Appropriate methodology

Towards a cosmopolitan approach

Authored by: Adrian Holliday

The Routledge Handbook of English Language Teaching

Print publication date:  May  2016
Online publication date:  May  2016

Print ISBN: 9780415747394
eBook ISBN: 9781315676203
Adobe ISBN: 9781317384472

10.4324/9781315676203.ch19

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Abstract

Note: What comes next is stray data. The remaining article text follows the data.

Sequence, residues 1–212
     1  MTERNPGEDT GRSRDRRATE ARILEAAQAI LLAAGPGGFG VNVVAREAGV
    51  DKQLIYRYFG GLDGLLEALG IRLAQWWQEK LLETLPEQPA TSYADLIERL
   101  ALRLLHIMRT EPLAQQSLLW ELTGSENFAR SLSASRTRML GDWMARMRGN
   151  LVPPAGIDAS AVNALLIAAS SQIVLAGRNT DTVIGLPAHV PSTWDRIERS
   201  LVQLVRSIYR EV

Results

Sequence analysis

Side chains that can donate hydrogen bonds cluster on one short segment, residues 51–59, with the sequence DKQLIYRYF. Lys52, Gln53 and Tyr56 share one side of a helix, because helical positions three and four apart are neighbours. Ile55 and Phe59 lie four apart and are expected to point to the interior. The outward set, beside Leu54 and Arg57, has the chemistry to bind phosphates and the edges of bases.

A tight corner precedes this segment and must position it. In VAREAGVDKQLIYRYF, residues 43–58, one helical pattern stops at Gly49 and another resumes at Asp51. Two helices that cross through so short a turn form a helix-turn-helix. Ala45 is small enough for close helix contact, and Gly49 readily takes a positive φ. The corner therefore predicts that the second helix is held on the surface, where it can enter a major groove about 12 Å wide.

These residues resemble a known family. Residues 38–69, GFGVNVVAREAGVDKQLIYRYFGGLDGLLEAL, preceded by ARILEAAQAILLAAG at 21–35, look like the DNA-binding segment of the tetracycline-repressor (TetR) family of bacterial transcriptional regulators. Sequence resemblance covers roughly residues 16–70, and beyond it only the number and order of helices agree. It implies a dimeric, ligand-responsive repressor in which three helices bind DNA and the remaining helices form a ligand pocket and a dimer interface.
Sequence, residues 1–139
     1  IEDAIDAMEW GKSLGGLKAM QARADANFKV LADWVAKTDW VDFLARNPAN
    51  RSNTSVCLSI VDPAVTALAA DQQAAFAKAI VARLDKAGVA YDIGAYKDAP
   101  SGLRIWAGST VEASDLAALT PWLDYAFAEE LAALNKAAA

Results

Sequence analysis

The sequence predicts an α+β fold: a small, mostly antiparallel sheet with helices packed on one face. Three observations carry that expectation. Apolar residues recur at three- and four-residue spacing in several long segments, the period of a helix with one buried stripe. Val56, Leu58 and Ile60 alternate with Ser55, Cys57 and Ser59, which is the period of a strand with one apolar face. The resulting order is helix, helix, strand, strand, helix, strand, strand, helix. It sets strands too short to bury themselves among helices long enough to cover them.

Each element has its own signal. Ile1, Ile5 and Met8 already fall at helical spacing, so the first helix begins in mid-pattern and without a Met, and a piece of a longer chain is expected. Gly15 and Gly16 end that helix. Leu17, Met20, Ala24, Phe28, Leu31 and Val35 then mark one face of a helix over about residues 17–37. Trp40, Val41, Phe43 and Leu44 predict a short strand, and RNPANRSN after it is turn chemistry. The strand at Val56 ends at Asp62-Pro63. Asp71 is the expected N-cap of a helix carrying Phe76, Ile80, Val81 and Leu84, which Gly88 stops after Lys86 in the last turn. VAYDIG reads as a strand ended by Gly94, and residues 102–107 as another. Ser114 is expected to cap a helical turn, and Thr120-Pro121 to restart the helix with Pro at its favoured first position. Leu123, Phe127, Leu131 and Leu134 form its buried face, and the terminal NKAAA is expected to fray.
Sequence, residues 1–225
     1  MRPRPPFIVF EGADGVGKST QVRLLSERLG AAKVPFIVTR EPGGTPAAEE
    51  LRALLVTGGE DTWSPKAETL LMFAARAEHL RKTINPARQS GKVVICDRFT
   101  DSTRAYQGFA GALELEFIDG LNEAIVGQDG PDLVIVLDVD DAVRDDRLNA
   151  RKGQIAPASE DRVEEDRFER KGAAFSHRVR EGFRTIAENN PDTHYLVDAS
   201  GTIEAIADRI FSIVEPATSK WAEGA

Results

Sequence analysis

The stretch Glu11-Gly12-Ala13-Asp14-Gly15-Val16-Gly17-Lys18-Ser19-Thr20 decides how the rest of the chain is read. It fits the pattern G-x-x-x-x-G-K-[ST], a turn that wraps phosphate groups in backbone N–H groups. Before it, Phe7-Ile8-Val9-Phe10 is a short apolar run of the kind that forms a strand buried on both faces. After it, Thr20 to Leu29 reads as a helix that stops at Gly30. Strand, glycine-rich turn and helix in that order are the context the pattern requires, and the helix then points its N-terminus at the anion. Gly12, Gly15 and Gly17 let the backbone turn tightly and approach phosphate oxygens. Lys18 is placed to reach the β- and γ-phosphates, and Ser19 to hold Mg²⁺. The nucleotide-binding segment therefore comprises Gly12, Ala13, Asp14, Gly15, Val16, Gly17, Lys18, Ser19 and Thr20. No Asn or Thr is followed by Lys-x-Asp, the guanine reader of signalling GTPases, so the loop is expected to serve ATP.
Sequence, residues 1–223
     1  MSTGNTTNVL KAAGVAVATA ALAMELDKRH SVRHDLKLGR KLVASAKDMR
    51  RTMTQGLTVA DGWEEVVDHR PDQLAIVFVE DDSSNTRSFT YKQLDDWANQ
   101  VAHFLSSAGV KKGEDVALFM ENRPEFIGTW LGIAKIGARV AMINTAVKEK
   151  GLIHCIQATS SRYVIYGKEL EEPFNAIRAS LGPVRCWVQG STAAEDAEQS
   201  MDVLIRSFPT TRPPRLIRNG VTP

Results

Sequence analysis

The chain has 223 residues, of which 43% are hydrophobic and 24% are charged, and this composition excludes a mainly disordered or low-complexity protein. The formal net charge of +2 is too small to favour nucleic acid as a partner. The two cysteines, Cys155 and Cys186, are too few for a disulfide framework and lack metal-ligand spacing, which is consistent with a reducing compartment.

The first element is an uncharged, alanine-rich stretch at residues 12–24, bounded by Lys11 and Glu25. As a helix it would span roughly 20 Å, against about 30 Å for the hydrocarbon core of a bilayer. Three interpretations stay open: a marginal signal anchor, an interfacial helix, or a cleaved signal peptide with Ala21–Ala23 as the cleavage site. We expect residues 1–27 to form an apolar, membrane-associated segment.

An early rationale for appropriate methodology, as expressed in the (1994) publication of Appropriate Methodology and Social Context, was a suggested conflict between two educational domains. On the one side was the largely private ELT sector originating in Britain, Australasia and North American (BANA). This was perceived to be an aggressive promoter of a particular and narrow interpretation of communicative teaching methodology through teacher training and education, international professional qualifications, curriculum projects and the prolific international publishing of textbooks (see Gray, and Pennycook, this volume). BANA also directly or indirectly promoted the so-called ‘native speaker’ teacher to be the best model both for teaching methodology and language (see also Llurda, this volume). On the other side was the mainstream tertiary, secondary, primary state education across the world (TESEP), where the majority of ELT takes place. This is perhaps the largest market for BANA methodology, and the majority of teachers are so-called ‘non-native speakers’. The appropriate methodology quest was therefore to make BANA methodology appropriate to TESEP. A political dimension to this quest was the potential linguistic imperialism implicit in the domination of the BANA domain, which Phillipson (1992) describes as the West maintaining power over the rest of the world through the power of English and a false idea that the ‘native speaker’ is superior. (I use inverted commas here and throughout to remind us that the native-non-native speaker division is highly contested; again, see also Llurda, this volume.)

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